A film that’s just been nominated for
3 Golden Globes should be better than this.
It’s loosely based on the true story
of the U.S. Olympic Wrestling Team training on the DuPont estate, largely
because of the largesse of John Du Pont (Steve Carell), the rich inheritor of
a huge chemical fortune, who pretty much does absolutely nothing for a living.
Carell plays Du Pont with such a
complete lack of affect that we think he’s probably on anti-depressives,
when in fact, we see him snorting some cocaine, just for recreation, you know.
Carell’s Du Pont is full of himself, with no
particular reason to be, other than he’s used to his money making people
jump when he calls, which they usually do, as long as he pays them.
He doesn’t seem to have any real friends.
In fact, he wistfully explains once that the only
boyhood friend he had, the son of the chauffeur at the time, was later found
to be paid by his mother to be his friend.
Yes, that’s pretty pathetic.
And so is this character.
Much more sympathetic is the wrestling team itself,
led by 1984 Olympic champion Mark Schulz (Channing Tatum).
Tatum is physically convincing enough when he’s
on the mat, but his limited range of expression makes him seem severely
depressed, or maybe even developmentally stunted, and the only one who can
really reach him is his brother, David (Mark Ruffalo).
David is a perceptive coach and energetic mentor,
but he’s also married now, with a couple of kids, so at first he doesn’t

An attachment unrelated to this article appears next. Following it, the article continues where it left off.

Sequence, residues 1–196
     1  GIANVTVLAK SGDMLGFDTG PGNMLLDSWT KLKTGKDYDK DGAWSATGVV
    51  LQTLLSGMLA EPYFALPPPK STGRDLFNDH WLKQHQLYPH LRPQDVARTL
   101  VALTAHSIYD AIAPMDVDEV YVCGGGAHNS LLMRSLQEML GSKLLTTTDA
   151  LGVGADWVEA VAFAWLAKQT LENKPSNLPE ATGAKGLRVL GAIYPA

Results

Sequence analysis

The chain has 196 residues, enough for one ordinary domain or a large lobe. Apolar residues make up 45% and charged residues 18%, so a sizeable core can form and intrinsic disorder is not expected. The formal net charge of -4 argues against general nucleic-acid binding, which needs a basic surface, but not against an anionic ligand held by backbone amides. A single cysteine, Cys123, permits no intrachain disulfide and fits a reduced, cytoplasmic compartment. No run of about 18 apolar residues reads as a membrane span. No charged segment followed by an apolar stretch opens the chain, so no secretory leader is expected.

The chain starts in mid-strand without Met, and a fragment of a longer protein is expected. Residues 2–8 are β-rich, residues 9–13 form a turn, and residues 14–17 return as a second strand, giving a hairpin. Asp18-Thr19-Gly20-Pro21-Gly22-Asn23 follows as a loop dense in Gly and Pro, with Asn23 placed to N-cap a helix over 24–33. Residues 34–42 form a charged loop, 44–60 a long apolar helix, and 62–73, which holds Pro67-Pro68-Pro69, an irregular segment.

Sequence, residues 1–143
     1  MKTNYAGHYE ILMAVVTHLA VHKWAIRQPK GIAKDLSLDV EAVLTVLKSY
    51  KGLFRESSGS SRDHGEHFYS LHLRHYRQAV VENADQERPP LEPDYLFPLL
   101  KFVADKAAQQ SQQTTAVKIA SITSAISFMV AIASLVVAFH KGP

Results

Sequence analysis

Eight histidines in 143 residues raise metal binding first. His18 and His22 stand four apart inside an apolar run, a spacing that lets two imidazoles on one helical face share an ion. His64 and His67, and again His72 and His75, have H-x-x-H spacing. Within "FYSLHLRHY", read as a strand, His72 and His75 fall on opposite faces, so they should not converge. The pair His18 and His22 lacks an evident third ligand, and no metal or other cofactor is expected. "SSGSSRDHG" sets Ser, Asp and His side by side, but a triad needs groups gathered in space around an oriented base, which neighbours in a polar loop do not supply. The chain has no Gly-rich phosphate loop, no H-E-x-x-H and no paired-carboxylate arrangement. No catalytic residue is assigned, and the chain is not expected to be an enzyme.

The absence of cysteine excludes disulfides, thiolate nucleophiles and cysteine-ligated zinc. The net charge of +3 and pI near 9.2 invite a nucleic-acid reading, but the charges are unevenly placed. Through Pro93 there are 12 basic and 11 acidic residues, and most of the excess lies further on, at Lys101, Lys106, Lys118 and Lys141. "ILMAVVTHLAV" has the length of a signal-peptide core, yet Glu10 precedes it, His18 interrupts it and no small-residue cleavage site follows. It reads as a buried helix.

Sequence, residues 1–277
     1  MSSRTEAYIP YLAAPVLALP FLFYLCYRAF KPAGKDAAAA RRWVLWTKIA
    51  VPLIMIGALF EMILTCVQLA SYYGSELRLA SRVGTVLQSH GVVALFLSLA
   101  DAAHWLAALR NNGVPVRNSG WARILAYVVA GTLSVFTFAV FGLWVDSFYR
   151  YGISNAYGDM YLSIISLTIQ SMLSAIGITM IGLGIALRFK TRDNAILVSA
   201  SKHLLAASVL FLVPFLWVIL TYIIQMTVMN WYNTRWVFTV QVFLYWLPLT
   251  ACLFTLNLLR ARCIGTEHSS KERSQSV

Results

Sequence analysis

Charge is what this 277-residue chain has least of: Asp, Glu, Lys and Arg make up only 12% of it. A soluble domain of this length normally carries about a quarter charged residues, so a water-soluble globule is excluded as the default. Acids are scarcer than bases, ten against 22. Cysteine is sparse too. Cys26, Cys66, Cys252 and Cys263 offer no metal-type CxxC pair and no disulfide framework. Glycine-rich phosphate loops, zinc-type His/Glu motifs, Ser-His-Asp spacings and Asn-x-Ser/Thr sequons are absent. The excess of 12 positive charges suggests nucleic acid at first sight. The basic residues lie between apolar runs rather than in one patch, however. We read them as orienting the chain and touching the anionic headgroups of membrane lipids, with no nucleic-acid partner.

make the move with Mark to the Du Pont “Foxcatcher” Estate to train for the
1988 Olympics. But
soon Mr. Du Pont realizes that Mark needs David even for his own training and
development, much less being able to coach anybody else.
And honestly, Mr. Du Pont assuming that he is a
“mentor” to them is simply a rich man’s fantasy about his money buying
that doesn’t prevent him from making officious statements about effort,
excellence, teamwork, and other banal clichés.
The pacing is way too slow.
There’s way too much space between the
dialogue, as if we’re supposed to sit there and ponder the profundity of
what was just said, but the trouble is, there’s nothing profound
the training regimen doesn’t look very convincing:
they run around in the woods and watch videos
of other wrestlers, and that’s supposed to help them progress to the
highest competitive edge?
The competitions themselves
aren’t explained very well, either, especially the scoring system, but
maybe all we need to know is who’s winning and who’s losing.
This might have been a good opportunity to
teach viewers about the intricacies of real strategy on the mat, but
there’s none of that, either.
(After all, wrestling has been an Olympic sport
since the ancient Greeks.) If you really want to see a good movie about
wrestling, try “Win Win” (2011).
Otherwise, don’t waste your time and money
waiting for the one late surprise of this clunker.
Dr. Ronald P. Salfen is the
Parish Associate, Woodhaven Presbyterian Church,